I love seeing the different ways people are experimenting with combining digital with real world things…especially when it’s designed to get kids’ creativity flowing.
I’ve blogged about the game Prom Week a few times before because the idea of making social interactions into a playable experience is a revolutionary idea. Especially when thinking about interactive storytelling and what that means for marketing in a post linear world.
Anyways, it’s now available to play on Facebook.
Delve into all the adolescent angst, drama, and scheming of the week before a high school prom in this online game, which uses a sophisticated artificial intelligence system to enable players to shape the social lives of 18 hapless high school students. Find dates for them, break up and make up, forge new friendships, make enemies — it’s up to you to determine whether the Prom will be a magical wonderland of disco ball lights or a nightmare of existential crises!
We’ve demonstrated that if a participant sees his avatar wearing a certain brand of clothing, he is more likely to recall and prefer that brand. In other words, if one observes his avatar as a product endorser (the ultimate form of targeted advertising), he is more likely to embrace the product. There is a fairly large literature in psychology on the “self-referencing” effect, which demonstrates that messages that connect with the receiver?s identity tend to be more effective than generic messages (e.g. Rogers et al., 1977)
I ran into this after following a trail of hyperlinks the other day. Interesting to think that we’ve not been equpped by evolution to handle seeing ourselves, as we evolved without mirrors or photos.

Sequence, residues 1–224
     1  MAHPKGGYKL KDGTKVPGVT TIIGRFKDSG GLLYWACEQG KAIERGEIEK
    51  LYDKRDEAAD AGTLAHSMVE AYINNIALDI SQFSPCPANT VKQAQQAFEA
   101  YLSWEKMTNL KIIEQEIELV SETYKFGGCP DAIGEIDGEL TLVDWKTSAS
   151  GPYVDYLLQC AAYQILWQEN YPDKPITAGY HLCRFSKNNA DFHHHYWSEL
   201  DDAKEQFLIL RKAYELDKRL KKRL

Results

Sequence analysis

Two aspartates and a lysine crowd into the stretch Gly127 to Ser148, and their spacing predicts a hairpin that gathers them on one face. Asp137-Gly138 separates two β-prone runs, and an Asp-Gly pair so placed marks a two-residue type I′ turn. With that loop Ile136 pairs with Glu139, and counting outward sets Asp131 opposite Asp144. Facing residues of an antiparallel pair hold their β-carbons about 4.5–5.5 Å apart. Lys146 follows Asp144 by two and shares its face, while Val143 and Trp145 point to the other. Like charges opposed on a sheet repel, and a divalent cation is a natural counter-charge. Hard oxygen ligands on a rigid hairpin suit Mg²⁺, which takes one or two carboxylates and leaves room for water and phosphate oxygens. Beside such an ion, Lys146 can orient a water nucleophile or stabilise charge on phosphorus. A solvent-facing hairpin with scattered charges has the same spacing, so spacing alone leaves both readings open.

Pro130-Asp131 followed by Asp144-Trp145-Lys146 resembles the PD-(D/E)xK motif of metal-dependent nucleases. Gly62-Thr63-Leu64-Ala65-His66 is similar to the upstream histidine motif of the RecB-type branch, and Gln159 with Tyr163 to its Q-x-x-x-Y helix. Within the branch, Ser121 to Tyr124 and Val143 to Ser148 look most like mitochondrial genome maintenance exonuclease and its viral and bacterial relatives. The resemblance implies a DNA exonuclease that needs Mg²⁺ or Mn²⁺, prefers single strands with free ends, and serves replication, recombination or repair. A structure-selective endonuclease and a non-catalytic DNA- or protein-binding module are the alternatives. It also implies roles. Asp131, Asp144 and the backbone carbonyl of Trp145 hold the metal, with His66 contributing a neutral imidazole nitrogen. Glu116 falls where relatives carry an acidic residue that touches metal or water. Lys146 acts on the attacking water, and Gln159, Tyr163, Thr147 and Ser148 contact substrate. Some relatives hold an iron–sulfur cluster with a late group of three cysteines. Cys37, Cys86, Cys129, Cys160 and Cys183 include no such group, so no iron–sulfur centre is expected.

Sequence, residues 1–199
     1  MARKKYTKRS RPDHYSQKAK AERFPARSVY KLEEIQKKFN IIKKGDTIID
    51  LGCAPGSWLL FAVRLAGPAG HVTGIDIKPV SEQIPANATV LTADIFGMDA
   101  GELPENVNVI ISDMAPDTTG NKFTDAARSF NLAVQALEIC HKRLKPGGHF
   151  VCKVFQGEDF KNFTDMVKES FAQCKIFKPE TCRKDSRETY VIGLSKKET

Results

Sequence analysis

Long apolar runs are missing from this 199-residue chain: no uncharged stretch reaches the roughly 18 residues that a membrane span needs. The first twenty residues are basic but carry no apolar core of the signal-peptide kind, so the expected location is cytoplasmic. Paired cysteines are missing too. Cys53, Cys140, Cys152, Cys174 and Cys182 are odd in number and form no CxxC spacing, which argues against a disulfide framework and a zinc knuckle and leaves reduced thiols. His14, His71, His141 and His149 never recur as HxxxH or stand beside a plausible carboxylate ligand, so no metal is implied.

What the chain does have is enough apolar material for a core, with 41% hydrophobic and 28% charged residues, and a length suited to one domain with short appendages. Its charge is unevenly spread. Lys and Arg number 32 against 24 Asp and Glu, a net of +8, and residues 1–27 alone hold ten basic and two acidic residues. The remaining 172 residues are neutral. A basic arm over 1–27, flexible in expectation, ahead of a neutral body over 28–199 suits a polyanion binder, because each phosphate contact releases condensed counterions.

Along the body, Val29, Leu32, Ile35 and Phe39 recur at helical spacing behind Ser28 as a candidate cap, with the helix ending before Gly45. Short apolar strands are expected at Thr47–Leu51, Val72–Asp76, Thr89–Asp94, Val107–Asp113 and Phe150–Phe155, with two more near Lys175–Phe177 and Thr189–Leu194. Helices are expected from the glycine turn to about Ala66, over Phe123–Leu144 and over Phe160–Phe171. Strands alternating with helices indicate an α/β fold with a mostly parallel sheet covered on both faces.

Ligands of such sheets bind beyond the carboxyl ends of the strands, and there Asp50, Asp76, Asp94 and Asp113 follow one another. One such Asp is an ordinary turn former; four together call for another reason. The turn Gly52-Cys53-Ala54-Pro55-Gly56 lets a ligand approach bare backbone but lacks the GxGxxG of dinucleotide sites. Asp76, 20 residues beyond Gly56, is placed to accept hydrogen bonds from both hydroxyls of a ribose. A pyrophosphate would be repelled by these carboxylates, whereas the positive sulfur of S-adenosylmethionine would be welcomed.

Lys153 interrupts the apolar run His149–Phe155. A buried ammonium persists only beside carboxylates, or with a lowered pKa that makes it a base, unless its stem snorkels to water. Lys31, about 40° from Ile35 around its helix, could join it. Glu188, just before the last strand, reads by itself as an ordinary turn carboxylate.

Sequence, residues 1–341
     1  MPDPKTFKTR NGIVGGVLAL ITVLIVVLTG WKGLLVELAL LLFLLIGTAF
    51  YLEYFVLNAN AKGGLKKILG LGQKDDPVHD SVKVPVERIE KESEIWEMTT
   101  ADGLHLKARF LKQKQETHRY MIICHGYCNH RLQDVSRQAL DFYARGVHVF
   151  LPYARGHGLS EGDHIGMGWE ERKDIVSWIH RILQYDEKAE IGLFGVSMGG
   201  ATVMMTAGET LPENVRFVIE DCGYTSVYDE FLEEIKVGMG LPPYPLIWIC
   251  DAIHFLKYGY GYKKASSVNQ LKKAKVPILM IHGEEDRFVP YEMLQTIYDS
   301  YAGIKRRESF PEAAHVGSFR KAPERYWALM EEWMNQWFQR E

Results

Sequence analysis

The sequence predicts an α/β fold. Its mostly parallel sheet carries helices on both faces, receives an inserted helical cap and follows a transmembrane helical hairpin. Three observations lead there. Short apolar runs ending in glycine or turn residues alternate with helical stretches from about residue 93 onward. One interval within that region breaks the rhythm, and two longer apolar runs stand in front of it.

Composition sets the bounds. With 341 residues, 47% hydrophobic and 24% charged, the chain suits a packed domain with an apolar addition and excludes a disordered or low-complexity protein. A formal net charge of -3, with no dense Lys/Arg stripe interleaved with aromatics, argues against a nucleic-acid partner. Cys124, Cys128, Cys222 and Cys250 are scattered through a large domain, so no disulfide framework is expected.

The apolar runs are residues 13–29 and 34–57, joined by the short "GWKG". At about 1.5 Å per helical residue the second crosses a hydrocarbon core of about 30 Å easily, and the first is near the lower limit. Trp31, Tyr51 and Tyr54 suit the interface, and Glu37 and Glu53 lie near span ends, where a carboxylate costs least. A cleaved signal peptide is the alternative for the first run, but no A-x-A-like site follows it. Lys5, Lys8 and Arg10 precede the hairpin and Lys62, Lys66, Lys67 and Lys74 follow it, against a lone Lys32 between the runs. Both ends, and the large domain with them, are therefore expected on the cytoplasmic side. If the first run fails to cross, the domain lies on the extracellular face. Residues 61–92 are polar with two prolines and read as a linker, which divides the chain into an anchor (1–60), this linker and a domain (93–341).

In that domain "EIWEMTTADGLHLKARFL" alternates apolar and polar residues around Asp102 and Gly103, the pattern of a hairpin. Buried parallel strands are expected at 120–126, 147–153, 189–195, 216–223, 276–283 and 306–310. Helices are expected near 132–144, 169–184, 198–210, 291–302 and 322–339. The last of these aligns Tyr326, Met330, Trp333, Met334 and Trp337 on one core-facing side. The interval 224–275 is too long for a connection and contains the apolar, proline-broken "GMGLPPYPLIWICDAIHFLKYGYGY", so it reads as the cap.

Though I wonder if this avatar effect is more or less the same thing as seeing an aspirational character as a product endorser.
A few years back there was heavy discourse amongst advertising strategy blogging types about the importance of authenticity when it comes to brands. I bought it for the most part, but in order to do so I’ve had to continually rationalize why authenticity would be so important to get people to buy into brands in a time when mainstream entertainment is increasingly so inauthentic. Manufactured. Crafted from focus groups. Even reality TV is full of (sh)it.
Which is why I’m so glad I sat down and watched the Grammy’s for the first time in who knows how many years. It was cathartic for me to see Foo Fighters win with an album recorded in analog in Dave’s garage, and how great was it to watch Adele sweep the whole show? It doesn’t get much more authentic than that. Her music, her voice, was the show. No need for choreography and explosions and whatever it was that Niki Minaj did.
Just talent and simplicity.
Though that might just make me old and out of touch with the world.
There’s been a lot of talk about the disappointing showing of this year’s Superbowl Ads. As Dr. Boches opined:
I don’t know about you, but I haven’t run into anyone in the advertising or marketing business who wasn’t hugely disappointed with the commercials that ran last Sunday. It made all of advertising seem tired, old and in need of a serious makeover.
There’s no doubt that there are multiple factors at work here. But I have a theory about what one of them might be.
The Big Game used to be our only outlet for over the top, sensational videos … the things that have defined a traditionally great Superbowl spot. Then came YouTube and it’s millions of videos featuring people doing extraordinary things, mindblowing things, bizarre Japanese game show things and cats flushing toilets. Everyday. All year. Without the constraints that come along with airing something on television. Once someone has seen Two Girls and a Cup (do not Google this…not safe for consumption by anyone), putting monkeys in a business suit is going to seem a little less exciting.
I think The Dude said it best when he asked: How ya gonna keep them down on the farm once they’ve seen Karl Hungus?